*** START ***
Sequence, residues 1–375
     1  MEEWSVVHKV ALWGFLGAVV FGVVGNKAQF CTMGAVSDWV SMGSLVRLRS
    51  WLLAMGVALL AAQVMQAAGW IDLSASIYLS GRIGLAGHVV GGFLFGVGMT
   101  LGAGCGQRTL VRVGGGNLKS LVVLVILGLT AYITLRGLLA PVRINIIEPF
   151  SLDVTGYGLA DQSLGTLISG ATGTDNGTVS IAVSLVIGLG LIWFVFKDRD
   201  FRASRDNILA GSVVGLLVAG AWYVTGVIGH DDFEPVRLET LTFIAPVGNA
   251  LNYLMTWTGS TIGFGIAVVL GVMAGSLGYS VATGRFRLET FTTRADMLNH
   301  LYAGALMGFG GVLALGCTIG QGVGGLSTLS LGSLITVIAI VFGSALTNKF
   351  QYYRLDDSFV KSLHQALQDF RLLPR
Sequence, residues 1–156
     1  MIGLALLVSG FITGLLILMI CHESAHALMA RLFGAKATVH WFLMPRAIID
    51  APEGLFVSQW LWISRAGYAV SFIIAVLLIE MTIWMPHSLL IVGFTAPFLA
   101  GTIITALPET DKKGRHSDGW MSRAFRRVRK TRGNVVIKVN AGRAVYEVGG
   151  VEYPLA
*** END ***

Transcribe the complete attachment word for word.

Sequence, residues 1–375
     1  MEEWSVVHKV ALWGFLGAVV FGVVGNKAQF CTMGAVSDWV SMGSLVRLRS
    51  WLLAMGVALL AAQVMQAAGW IDLSASIYLS GRIGLAGHVV GGFLFGVGMT
   101  LGAGCGQRTL VRVGGGNLKS LVVLVILGLT AYITLRGLLA PVRINIIEPF
   151  SLDVTGYGLA DQSLGTLISG ATGTDNGTVS IAVSLVIGLG LIWFVFKDRD
   201  FRASRDNILA GSVVGLLVAG AWYVTGVIGH DDFEPVRLET LTFIAPVGNA
   251  LNYLMTWTGS TIGFGIAVVL GVMAGSLGYS VATGRFRLET FTTRADMLNH
   301  LYAGALMGFG GVLALGCTIG QGVGGLSTLS LGSLITVIAI VFGSALTNKF
   351  QYYRLDDSFV KSLHQALQDF RLLPR
Sequence, residues 1–156
     1  MIGLALLVSG FITGLLILMI CHESAHALMA RLFGAKATVH WFLMPRAIID
    51  APEGLFVSQW LWISRAGYAV SFIIAVLLIE MTIWMPHSLL IVGFTAPFLA
   101  GTIITALPET DKKGRHSDGW MSRAFRRVRK TRGNVVIKVN AGRAVYEVGG
   151  VEYPLA